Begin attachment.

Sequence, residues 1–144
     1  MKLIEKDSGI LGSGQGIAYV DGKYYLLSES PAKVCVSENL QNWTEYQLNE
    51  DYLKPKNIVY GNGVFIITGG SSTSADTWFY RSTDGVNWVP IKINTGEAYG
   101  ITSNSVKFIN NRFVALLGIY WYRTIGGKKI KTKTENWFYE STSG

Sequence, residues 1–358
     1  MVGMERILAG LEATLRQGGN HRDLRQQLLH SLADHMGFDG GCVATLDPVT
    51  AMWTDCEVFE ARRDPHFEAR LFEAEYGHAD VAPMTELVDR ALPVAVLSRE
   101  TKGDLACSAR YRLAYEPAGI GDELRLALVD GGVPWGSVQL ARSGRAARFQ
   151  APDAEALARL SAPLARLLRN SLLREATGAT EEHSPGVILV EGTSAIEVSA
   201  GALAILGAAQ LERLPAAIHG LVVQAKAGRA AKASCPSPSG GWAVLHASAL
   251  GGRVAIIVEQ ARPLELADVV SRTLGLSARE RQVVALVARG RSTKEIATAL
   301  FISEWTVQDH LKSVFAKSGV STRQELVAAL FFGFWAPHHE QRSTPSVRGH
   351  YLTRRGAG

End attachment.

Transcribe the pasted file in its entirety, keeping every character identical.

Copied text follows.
Sequence, residues 1–144
     1  MKLIEKDSGI LGSGQGIAYV DGKYYLLSES PAKVCVSENL QNWTEYQLNE
    51  DYLKPKNIVY GNGVFIITGG SSTSADTWFY RSTDGVNWVP IKINTGEAYG
   101  ITSNSVKFIN NRFVALLGIY WYRTIGGKKI KTKTENWFYE STSG

Sequence, residues 1–358
     1  MVGMERILAG LEATLRQGGN HRDLRQQLLH SLADHMGFDG GCVATLDPVT
    51  AMWTDCEVFE ARRDPHFEAR LFEAEYGHAD VAPMTELVDR ALPVAVLSRE
   101  TKGDLACSAR YRLAYEPAGI GDELRLALVD GGVPWGSVQL ARSGRAARFQ
   151  APDAEALARL SAPLARLLRN SLLREATGAT EEHSPGVILV EGTSAIEVSA
   201  GALAILGAAQ LERLPAAIHG LVVQAKAGRA AKASCPSPSG GWAVLHASAL
   251  GGRVAIIVEQ ARPLELADVV SRTLGLSARE RQVVALVARG RSTKEIATAL
   301  FISEWTVQDH LKSVFAKSGV STRQELVAAL FFGFWAPHHE QRSTPSVRGH
   351  YLTRRGAG